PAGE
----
Page:Popular Science Monthly Volume 13.djvu/707

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MONERA, AND THE PROBLEM OF LIFE.

reduce carbonic acid furnished by animals, forming therefrom organic compounds of high calorific value; and that these food-compounds reunite in the animal with the oxygen inhaled by it, yielding by this combustion all the power exhibited in its vital manifestations.

While this—from our present point of view—fundamentally erroneous and most misleading conception exerted an all but universal sway over scientific minds, it happened that, under its influence, so early as 1844, our illustrious and veteran scientist and philosophical historian, Dr. John W. Draper, succeeded in establishing, by a series of beautiful experiments, a far deeper and vastly more essential connection in Nature.

This connection, if I am not greatly mistaken, is destined to become the redeeming thread by which Science will extricate itself from the mechanical maze of rigid resistance and equivalent mass-motion. By dint of so significant and mathematically available a clew, it may in time reach a somewhat more commensurate recognition of effects synthetically secured, of inherent cumulative elaboration, the unforfeitable boon of specific dynamical influences, which with restless toil are ever busy, widening the scope of qualitative wealth, intensifying the intestine sensitiveness and sympathetic response by which substances inwardly answer the inward call of other substances.

The marvelously slender thread of vivifying connection, traced to its origin by Draper, is an ethereal but most definite band of vital dependence, absolute dependence. It is a truly promethean beam, for without it no life, no fire on earth. You suppress from the entire amount of solar influence—calorific, luminous, and chemical—solely the yellow rays, and you have quenched life at its starting-point: no more elaboration of organic compounds by chlorophyl-protoplasm, no more food-supply, no more vitality. You have cut off the thread of life, the golden band of union by which the still embryonic vitality of our planet receives sustenance from the mighty parent-orb. This great discovery of Draper the recent researches of Sachs and Pfeffer have only essentially corroborated.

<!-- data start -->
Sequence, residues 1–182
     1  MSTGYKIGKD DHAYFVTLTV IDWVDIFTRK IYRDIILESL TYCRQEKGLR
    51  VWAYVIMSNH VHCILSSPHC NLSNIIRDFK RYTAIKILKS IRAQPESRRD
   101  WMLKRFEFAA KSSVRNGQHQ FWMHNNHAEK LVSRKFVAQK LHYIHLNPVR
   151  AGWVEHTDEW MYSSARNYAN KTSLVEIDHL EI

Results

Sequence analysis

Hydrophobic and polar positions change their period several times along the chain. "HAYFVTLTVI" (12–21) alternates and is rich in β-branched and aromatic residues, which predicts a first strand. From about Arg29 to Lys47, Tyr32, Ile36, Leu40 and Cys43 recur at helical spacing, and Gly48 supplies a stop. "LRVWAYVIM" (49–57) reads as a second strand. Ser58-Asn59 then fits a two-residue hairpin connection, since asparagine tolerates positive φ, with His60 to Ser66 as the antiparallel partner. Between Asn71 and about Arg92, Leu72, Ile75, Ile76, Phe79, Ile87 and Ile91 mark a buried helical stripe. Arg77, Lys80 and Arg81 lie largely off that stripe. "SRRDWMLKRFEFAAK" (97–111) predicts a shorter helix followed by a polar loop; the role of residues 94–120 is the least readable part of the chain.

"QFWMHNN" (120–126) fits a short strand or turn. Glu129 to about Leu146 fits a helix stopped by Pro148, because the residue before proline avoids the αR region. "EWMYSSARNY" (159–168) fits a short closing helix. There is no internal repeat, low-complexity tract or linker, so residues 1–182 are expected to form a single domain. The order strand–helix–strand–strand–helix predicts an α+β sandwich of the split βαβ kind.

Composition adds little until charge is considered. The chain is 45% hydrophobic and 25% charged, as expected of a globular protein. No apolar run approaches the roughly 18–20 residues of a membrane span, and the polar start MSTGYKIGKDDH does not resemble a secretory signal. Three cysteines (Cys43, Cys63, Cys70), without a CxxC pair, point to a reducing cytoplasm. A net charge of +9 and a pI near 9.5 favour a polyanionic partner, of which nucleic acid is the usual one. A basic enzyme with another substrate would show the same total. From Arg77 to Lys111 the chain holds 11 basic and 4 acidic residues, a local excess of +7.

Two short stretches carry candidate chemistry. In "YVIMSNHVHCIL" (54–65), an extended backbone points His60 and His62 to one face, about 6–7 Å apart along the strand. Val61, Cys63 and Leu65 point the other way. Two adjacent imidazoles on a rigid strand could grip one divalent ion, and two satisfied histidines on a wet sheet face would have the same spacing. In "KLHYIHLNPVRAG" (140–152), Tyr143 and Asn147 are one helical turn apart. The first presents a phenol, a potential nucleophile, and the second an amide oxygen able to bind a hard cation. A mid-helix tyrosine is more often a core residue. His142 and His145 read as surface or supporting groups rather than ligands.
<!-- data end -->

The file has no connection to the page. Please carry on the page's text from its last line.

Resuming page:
It is here, then, that the knot of organic complexity is being really tied in Nature, and this is, therefore, the exact point at which the mystery of organic synthesis has to be unraveled. A most specific dynamical influence meets here in a peculiar preexisting substratum with certain inferior matter, and under this confluence of conditions, by a chemical process of reduction and substitution, molecular organization is effected.

In framing my hypothesis of the origin of organic compounds on our globe, I would closely adhere to the above facts. After what I have learned with regard to the yellow rays, I would not expect aboriginal organic synthesis to have taken place at the bottom of the sea, where all dynamical influences must be dispersed, or so suffused as to have lost their definite efficiency. I would then imagine some probable